Monday, March 3, 2014

Homegrown Tomato Soup

It's getting close to our average last frost date of March 5, but even though Saturday was 85 degrees, on Sunday another Arctic cold front came down and plunged us back into the mid-20's last night. I'm worried about some of my plants that were starting to grow back new leaves for spring that just got frozen out there.

But now that it's cold again, it seems like a good time to let  you know what I've been doing with all those paste tomatoes I grew last summer and put into gallon-sized freezer bags in the chest freezer. I was thinking of making pasta sauce or salsa with them, but finally decided they were too good for that. I wanted to put them in something where the tomato is the star, and not something that's a condiment on something else.

So I've been making them into tomato soup, which is very simple and easy to make and wonderful comfort food on a cold day.

Like most of my "recipes" on this blog, this is not very precise. Feel free to tweak it to your own taste.

  • Tomatoes - if you don't have homegrown saved up in the freezer, canned will work
  • Chicken broth - preferably homemade from chicken bones you've also been saving up in the freezer, or vegetable broth if you're vegetarian
  • Onion and garlic
  • Butter - a little bit to cook the onion and garlic in
  • Herbs - optional, but good if you have some, especially basil
  • Heavy cream - if you want the creamy version

Thaw the tomatoes, drain off excess water, and then puree in the blender until as smooth as you can get them.

I've found it's easier to strain the puree if you simmer it a bit first. I think it makes the flesh of the tomato come off the skins more completely or something.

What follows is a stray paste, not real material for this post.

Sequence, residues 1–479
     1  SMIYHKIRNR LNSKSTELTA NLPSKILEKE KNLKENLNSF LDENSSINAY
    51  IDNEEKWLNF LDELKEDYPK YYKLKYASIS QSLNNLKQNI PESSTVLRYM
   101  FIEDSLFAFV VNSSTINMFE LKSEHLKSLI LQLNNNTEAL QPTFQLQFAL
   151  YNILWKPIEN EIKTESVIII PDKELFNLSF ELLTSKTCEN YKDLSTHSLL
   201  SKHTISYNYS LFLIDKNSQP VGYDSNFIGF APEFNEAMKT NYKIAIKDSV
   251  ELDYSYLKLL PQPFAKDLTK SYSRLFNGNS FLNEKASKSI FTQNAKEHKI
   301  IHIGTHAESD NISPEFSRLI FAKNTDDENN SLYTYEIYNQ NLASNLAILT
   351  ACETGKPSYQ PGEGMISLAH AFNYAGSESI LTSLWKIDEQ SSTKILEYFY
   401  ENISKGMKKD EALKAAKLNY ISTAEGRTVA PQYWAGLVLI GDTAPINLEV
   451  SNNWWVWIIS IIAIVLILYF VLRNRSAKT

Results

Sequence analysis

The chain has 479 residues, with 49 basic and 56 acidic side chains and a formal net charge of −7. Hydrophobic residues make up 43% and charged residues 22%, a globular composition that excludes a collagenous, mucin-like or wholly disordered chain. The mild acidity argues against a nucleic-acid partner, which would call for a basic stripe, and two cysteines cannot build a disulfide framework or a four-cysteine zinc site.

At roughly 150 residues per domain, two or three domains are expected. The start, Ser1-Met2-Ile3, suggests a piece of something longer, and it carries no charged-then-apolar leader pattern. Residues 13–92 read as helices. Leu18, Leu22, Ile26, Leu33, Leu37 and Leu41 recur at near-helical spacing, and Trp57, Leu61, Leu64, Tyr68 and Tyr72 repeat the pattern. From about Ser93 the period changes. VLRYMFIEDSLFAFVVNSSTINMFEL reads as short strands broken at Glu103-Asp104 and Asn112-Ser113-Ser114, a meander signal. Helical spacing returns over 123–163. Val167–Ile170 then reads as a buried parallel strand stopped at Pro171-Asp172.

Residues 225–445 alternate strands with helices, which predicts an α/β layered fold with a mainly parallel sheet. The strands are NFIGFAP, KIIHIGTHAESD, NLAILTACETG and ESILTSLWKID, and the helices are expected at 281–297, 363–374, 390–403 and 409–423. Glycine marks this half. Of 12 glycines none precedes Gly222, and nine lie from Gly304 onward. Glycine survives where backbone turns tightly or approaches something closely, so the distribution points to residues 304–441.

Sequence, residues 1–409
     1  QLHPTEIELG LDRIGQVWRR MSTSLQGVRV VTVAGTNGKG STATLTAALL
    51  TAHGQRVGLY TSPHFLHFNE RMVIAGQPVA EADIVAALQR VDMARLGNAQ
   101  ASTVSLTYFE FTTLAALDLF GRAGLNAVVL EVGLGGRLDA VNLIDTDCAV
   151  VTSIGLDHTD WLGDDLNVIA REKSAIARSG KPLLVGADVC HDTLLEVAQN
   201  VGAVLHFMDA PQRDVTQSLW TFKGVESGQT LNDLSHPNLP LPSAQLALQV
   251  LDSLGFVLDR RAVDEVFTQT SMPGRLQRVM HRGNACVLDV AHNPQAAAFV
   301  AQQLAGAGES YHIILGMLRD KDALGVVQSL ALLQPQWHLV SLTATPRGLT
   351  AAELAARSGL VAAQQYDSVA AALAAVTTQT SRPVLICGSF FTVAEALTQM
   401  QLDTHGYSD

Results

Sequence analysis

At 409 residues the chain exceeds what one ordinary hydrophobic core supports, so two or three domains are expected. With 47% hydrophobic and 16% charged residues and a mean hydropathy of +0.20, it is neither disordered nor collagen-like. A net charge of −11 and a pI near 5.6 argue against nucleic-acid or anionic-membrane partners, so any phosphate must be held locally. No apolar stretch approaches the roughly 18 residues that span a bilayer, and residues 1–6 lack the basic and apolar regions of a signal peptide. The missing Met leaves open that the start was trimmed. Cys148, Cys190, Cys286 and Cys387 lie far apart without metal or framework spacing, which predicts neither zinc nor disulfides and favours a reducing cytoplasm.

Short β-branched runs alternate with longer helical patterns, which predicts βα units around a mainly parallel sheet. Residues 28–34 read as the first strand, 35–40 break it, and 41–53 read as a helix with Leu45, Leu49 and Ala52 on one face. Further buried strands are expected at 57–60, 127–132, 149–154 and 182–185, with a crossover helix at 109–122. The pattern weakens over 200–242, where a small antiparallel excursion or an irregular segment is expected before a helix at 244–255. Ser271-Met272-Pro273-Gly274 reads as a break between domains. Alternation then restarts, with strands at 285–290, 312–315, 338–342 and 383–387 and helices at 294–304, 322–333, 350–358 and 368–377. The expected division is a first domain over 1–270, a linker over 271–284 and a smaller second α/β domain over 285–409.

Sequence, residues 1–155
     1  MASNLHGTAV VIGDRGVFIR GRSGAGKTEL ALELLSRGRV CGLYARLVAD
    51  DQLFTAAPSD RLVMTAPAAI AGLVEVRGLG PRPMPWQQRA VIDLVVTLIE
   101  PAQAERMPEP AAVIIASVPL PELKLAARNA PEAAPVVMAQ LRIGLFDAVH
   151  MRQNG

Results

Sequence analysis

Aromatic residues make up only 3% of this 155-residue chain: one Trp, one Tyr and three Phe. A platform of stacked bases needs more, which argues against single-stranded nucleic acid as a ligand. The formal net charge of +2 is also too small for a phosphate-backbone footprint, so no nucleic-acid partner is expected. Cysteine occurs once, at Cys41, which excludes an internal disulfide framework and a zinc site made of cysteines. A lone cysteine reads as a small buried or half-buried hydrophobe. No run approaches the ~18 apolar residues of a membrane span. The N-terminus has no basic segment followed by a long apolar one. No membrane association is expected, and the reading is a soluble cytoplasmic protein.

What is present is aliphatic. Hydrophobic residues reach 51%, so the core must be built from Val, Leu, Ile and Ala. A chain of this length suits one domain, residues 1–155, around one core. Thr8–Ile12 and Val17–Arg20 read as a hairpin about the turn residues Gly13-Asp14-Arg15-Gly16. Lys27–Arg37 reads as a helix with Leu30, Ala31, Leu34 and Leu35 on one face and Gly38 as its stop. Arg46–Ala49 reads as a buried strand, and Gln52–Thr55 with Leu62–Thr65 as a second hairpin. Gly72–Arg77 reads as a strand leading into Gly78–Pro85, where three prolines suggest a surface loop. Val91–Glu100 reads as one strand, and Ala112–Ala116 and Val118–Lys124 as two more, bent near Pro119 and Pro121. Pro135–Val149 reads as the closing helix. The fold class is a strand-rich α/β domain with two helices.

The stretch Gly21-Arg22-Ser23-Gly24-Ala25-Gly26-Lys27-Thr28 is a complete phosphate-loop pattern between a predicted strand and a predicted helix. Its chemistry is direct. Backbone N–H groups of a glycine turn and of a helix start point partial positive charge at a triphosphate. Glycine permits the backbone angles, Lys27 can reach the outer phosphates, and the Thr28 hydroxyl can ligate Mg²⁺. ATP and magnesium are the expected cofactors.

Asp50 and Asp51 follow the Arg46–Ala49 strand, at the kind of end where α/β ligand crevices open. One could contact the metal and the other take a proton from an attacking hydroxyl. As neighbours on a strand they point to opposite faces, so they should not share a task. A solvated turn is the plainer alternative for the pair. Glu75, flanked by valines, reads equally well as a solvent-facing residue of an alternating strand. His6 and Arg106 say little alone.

Strain the puree in a food mill. I went for a long time without a food mill, but since I got one for Christmas, I've used it to make tomato soup and hot sauce, and it works great. I'm sure I'll find many more uses for it in the future.

Turn the crank back and forth until you have nothing left but skins and seeds. This is also good upper-body exercise.

Next you will need to cook some onions and/or garlic in some butter until soft and caramelized. This is optional but gives the soup a nice sweetness. You can even run the cooked onions through the blender too, so your finished soup will be perfectly smooth.

Add the strained tomato puree back to the pot and simmer to thicken the soup.

While it's simmering, you add chicken broth. I'd say about an equal amount of tomato puree and chicken broth, but it's all to taste. The broth dilutes the tomato puree a bit, because otherwise it would be like trying to eat a bowl full of marinara sauce. But taste as you go and put in however much broth you want until it tastes good to you. Also add salt, pepper, and herbs to taste.

When it's as thick as you'd like it, it's time to serve. At this point you can also freeze some. This soup is easy to make, but takes some time to simmer it down, so it might be a good idea to make an extra big batch and freeze some in serving-size containers for later.

If you want your soup creamy, add some heavy cream at the last minute when you serve it. Don't add cream if you're going to freeze the soup for later, because it will curdle the cream. Also, once I tried to use half-and-half instead, and it curdled, so now I either use heavy cream, or no dairy at all. I've found that with basil and heavy cream, it comes out very similar to the tomato basil soup served at the La Madeline chain of restaurants, but better because it's with my homegrown tomatoes.

And of course you serve it with some crusty bread, or even better, a grilled cheese like in the picture! That ought to keep you warm until it's 80 degrees again in a couple of days.

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